Patents and the Measurement of International Competitiveness

Patents and the Measurement of International Competitiveness

New Data on the Use of Patents by Universities, Small Firms and Individual Inventors

William Kingston and Kevin Scally

This highly original book represents a major advance in the use of patents to compare countries’ technological competitiveness. It tabulates and analyses 280,000 United States patents from countries across the world over a ten year period. Specifically, these patents were granted to ‘not-for-profit’ entities (mainly universities and research institutes), firms with no more than 500 employees, or to individual inventors. For each of these groups, the book provides statistics and discussion on how long patents are kept in force, the extent to which they are cited, and how far inventions made in different countries are in fact owned in the United States.

Chapter 1: Introduction

William Kingston and Kevin Scally

Subjects: economics and finance, economics of innovation, intellectual property, innovation and technology, economics of innovation, intellectual property

Extract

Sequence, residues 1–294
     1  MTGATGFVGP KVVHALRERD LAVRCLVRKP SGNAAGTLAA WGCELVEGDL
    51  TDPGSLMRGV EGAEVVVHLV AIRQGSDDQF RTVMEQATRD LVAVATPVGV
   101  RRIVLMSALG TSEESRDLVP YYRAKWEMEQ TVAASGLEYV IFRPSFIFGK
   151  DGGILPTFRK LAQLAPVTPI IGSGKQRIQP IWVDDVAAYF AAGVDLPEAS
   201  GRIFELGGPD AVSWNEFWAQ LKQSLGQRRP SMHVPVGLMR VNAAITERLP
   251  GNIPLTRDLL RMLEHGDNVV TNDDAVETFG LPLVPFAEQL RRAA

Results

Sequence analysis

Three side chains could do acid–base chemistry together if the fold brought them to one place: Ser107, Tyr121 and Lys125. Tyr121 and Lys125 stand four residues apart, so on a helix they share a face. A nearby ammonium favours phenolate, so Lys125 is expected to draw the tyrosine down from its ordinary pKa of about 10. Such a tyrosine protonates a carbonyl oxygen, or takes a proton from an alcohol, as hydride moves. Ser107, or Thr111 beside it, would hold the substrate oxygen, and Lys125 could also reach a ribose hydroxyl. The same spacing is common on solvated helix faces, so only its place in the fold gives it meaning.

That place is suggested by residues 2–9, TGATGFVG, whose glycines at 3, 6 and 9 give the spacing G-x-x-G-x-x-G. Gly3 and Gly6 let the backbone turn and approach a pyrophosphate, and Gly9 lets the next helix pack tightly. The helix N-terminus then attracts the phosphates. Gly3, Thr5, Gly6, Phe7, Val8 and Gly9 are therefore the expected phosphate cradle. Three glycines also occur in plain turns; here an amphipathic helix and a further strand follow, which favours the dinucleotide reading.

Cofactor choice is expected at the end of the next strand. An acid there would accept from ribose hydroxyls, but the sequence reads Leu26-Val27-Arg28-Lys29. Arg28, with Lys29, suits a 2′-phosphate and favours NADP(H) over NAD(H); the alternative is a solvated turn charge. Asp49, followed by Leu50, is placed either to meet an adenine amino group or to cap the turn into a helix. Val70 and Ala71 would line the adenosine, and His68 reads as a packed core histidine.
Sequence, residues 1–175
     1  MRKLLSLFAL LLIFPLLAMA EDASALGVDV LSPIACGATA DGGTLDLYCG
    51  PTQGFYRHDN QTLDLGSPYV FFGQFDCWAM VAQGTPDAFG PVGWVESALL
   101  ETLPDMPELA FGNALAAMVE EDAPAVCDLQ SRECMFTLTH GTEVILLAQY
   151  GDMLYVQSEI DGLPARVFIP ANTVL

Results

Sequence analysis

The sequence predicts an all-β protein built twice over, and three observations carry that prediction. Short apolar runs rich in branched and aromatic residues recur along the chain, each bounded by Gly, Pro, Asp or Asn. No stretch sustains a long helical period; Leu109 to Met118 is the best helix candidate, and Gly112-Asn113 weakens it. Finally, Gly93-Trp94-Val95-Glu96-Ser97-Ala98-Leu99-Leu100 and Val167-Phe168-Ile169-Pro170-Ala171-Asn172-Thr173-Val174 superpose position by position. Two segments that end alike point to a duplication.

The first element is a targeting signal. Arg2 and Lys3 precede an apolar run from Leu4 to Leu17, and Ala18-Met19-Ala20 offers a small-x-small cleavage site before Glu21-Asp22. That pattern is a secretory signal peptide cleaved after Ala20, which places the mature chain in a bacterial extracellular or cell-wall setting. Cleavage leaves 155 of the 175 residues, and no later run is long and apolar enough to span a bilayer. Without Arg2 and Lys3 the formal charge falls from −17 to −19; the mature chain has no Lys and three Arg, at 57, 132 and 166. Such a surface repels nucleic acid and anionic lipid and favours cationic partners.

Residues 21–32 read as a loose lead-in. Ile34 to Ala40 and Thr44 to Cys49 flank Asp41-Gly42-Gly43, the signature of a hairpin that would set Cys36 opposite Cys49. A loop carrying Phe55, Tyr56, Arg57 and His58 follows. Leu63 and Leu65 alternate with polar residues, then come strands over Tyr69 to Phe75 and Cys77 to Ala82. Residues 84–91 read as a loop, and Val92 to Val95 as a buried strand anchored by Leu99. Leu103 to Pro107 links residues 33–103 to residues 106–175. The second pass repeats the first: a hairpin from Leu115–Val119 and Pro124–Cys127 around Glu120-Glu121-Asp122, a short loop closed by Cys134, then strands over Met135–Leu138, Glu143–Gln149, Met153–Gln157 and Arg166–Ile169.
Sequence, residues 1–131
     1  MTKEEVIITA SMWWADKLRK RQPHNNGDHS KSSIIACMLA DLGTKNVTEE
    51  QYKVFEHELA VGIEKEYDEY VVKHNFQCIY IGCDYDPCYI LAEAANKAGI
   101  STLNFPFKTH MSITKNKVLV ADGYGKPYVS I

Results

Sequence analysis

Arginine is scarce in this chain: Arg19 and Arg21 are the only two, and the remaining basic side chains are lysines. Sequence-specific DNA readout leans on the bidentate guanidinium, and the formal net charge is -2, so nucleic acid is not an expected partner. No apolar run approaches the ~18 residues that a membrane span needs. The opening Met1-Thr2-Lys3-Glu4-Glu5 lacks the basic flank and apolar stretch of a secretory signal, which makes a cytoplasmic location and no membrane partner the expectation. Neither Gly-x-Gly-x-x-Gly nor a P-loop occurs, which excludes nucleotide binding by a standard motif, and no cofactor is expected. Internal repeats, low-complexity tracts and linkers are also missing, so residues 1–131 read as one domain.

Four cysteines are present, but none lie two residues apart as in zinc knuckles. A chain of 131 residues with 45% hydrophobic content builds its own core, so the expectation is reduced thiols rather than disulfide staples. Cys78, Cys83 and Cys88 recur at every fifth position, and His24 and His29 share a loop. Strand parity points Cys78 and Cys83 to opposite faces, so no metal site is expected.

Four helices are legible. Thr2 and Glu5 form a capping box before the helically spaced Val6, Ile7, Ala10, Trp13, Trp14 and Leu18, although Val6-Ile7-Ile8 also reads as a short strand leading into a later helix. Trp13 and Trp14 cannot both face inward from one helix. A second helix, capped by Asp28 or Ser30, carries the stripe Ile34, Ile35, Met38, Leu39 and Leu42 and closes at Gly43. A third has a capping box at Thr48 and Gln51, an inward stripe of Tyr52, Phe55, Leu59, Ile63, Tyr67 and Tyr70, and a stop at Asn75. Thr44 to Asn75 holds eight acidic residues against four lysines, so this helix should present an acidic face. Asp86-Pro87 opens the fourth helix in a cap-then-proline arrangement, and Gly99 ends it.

In searching for means of comparing one country’s technological performance with another’s, it is only to be expected that scholars would want to use patent counts. Patents exist in every country of any size, are well tabulated, are easily accessible and go back to the beginning of the industrial revolution. Indeed, there have been many studies which purport to use them in this way, as well as many others which are little more than vehicles for demonstrating econometric skills, making use of the large numbers which libraries of patents can provide. However, when such collections of data are examined carefully, they are found to be less valuable than appears at first, and their use has drawbacks which have not always been properly recognised by researchers.1 There are several reasons for this. First patents only protect a small part of technology. Moreover, in many areas of it, they have now become little more than a reinforcement of large firms’ primary means of protecting their inventions, which is the combination of manufacturing capability and speed to the market with anything new. This has been confirmed by several large-scale empirical studies of the actual mechanisms used by firms to protect the output of their investments in research and development.2 Even where patents are used, some technologies use them more than others. For example, out of a total of more than 2.3 million Utility patents issued by the United States Patent and Trademark Office to the end of 2001, 44 per cent...